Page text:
Silent cars/busses/trucks/trains are great because they increase life quality in urban areas!

I was surprised at how loud the HVAC/cooling fans (when activated) actually are in our Volt when heard from outside the car. In fact, I would bet that the alert sound would be much lower in decibal then the HVAC/cooling fans are in our Volt. Both sounds are not really noticed from inside the cars. There is NO way to enforce high noise levels for vehicles, even though that would make for a nicer environment JMO. J walking is just not a good idea for anyone. I have 8 permanent screws & steel plate above my right ankle thanks to a Suburban running-over me in the middle of a cross-walk, when the driver decided not to stop behind the white cross-walk line first before wanting to make a right turn. I didn’t hear him until he was hitting me because of the loud MAC truck in the previous lane. I was crossing at the right time and with my white cane. There is no perfect solution for mobility for Blind people but a low decibel, specific frequency sound, no louder then some sounds already emitted by many vehicles, would be helpful. Honestly, I think the problem is that people think… Read more »

The HVAC on my LEAF is also pretty noisy from the outside. I think that it would be as loud as any modern ICE (which is pretty quiet at low speeds).

I really do think this is just another case of a minority group complaining for the sake of it. My wife is blind in one eye so I’m not unsympathetic but we don’t need these kind of PSA style videos.

We should all be able to agree that quieter cars that emit less pollution are a good thing. It’s not like a low speed audio warning should be exactly difficult to standardize and implement. There’s supposed to be on on my LEAF but personally I can’t hear it.


You can’t hear my V6 car over the performance modified 4cyl cars.

Pedestrians need to take responsibilty for their actions. don’t blame cars for your- jay walking,not making eye contact after looking both directions at a uncontolled intersection, crossing an intersection when the dont walk symble is active etc…

I live buy a busy intersection and i dont want to go from loud exhaust to loud beeping cars…

A law against “jaywalking” seems pretty ridiculous. It’s legal in almost every country in the world, as it should be.

But idiots doing it at multi-lane strets and/or in heavy traffic (where better options are easily available) should be awarded a Darwin Award combined with a grill impression along the body.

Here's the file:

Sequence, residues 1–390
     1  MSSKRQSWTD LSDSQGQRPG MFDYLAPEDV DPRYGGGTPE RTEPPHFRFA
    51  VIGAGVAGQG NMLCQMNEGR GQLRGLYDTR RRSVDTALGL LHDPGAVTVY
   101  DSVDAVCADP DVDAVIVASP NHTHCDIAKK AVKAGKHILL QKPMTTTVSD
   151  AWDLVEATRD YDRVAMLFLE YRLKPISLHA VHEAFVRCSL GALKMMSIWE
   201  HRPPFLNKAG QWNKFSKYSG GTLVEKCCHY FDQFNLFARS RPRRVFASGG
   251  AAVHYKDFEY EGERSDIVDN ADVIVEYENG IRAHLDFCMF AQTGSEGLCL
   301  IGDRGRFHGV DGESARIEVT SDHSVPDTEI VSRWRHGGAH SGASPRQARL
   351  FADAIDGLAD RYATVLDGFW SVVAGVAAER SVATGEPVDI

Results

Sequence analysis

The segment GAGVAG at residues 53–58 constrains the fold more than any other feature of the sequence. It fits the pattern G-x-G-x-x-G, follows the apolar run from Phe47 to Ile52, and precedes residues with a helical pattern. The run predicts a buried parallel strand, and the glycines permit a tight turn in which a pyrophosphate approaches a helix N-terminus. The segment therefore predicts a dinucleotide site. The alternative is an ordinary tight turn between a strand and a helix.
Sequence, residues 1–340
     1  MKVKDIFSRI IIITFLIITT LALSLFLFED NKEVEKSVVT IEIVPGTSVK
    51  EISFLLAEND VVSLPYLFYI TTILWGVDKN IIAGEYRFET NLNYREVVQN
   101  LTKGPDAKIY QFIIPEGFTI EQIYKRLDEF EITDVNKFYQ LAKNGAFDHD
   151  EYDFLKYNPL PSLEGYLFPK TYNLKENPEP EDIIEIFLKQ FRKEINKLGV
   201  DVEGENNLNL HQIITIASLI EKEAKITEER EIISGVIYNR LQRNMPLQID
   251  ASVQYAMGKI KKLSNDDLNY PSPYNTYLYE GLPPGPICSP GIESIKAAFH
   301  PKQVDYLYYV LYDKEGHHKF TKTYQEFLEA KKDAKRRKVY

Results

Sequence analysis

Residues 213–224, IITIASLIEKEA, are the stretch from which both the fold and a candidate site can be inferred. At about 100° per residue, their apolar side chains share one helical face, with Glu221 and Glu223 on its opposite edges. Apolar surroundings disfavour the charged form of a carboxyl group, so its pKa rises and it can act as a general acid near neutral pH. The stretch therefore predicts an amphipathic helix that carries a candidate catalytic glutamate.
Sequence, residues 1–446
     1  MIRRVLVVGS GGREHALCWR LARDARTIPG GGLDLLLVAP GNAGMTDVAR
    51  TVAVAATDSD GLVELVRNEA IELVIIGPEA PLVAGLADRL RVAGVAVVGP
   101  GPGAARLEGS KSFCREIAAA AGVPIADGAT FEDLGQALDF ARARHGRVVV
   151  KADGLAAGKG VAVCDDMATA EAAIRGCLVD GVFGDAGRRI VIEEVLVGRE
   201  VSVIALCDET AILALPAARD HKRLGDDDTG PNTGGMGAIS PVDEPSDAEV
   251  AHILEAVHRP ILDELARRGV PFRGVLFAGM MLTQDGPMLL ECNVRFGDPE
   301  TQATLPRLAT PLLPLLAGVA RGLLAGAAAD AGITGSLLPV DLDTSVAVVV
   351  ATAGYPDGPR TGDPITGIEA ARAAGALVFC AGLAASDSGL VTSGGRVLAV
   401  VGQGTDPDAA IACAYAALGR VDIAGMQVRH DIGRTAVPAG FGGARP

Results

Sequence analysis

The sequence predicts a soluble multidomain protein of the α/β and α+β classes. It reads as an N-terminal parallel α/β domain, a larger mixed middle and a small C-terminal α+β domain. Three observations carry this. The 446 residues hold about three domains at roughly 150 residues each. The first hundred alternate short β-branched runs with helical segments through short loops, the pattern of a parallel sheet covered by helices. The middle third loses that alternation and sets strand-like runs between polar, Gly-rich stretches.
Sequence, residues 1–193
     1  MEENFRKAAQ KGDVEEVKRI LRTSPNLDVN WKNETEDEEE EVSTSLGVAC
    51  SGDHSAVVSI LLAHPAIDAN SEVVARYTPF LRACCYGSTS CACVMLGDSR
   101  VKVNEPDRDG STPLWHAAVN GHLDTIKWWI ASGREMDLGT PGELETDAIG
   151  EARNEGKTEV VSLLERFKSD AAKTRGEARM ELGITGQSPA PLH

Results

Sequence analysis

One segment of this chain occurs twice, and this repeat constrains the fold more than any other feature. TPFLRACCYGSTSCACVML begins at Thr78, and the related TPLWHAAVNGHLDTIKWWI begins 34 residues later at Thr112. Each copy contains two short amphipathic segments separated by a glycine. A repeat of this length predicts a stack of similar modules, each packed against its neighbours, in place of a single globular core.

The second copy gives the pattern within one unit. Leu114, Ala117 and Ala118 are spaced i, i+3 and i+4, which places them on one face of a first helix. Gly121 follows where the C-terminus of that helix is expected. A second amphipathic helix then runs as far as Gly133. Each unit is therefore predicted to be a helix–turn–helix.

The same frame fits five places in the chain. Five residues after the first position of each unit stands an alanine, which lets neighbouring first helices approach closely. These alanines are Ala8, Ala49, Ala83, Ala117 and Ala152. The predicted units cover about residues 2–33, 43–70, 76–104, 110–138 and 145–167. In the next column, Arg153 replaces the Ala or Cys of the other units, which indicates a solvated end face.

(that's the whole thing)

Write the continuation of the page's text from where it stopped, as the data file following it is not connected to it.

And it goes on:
In the 70’s we had TV public service announcements (PSA commercials) that would educate and remind pedestrians when and where to cross a street.
Time for a 21st Century version.


Roads are for cars.

Oh man. Where to start? okay: I think an apology is in order: people with disabilities don’t need, want, or deserve sympathy, from anyone else just for existing, but I think it’s not too presumptuous of me to say that like every one else they would really prefer not being hit by cars. Hey cars are cool and cars can be fun and cars can be useful,and ev’s are all round better and less damaging to the planet than ice cars to boo,t but none of that does nothing to change the fact that, driving is a serious responsibility and a privilege, never a right. It’s a privilege that non drivers subsidize because they pay taxes that fund roads etc. So no, streets are not for cars, streets are for PEOPLE, some of whom have the privilege of using cars. The whole idea of “jaywalking” was cooked up by the automobile lobby in the 1920’s as a way to quell the backlash after tens of thousands of people, many of them children, were killed by cars — the strategy was to blame the victim, and, sadly, it worked brilliantly. I’d like to think that we are more civilized now. The… Read more »

Very well said JP. My vote of +100.

Just a few more years and autonomous driving will end the argument and we can enjoy the peace and quite of an EV.

“It’s a privilege that non drivers subsidize because they pay taxes that fund roads etc. So no, streets are not for cars, streets are for PEOPLE”

Objectively, both of these statements are wrong.

Regarding the first statement, pays taxes, and much or most road funds come from gas taxes, which drivers pay for. Also, roads are not just for individuals driving, they are also used for commerce. Without roads, there wouldn’t be food in grocery stores for pedestrians to eat. So if your plan is to forage for nuts and berries, then you’d be all right without roads.

Regarding your second statement, streets are actually built for cars. The fact is that roads are design specifically for cars (and trucks). The width, thickness, destinations, lines and signage, etc, are all specifically for cars. If they weren’t built for cars, they would be called sidewalks.